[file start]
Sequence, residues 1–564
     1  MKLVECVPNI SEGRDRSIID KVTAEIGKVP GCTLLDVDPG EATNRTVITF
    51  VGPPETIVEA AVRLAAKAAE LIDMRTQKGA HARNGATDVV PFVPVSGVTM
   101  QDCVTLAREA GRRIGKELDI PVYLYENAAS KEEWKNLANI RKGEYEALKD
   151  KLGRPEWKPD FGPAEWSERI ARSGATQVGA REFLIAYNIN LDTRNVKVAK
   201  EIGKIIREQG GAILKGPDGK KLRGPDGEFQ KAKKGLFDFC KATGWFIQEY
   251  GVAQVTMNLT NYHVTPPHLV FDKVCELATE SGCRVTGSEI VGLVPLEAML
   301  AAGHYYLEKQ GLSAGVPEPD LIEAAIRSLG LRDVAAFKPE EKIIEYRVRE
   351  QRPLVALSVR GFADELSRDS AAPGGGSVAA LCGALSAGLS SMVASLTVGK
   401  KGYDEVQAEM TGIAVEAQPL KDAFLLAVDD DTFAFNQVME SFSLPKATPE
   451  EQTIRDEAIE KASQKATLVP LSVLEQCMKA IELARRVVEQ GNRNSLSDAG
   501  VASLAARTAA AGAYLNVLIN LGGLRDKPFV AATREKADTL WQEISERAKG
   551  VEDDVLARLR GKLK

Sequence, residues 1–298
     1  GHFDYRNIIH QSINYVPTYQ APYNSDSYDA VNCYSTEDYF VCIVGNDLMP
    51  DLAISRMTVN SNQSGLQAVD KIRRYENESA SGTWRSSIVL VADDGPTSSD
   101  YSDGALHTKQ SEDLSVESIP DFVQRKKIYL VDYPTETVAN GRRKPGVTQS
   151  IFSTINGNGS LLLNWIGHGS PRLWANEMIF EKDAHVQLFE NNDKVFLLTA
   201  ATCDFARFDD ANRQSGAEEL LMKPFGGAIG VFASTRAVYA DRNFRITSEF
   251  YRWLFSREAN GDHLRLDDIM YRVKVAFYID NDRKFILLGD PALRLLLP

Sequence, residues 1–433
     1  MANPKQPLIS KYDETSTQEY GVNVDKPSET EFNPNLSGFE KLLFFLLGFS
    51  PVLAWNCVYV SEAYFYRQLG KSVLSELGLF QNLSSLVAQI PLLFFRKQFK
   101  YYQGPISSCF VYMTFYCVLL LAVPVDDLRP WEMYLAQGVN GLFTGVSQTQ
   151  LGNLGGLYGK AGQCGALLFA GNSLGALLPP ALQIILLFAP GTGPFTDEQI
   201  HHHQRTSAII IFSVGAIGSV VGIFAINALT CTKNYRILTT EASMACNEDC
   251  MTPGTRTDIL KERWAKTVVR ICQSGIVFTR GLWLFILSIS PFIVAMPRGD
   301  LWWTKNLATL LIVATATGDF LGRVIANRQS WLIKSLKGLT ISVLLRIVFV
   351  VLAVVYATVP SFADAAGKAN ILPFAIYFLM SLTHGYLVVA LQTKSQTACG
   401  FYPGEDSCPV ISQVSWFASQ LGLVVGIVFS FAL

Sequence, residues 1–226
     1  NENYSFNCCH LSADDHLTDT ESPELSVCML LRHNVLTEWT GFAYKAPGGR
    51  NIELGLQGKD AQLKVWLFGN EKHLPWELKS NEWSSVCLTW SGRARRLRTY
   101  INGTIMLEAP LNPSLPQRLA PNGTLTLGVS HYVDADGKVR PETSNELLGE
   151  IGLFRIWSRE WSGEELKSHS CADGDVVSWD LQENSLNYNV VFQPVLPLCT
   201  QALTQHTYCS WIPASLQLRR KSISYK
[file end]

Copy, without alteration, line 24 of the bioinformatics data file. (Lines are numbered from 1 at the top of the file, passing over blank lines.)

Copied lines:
   101  YYQGPISSCF VYMTFYCVLL LAVPVDDLRP WEMYLAQGVN GLFTGVSQTQ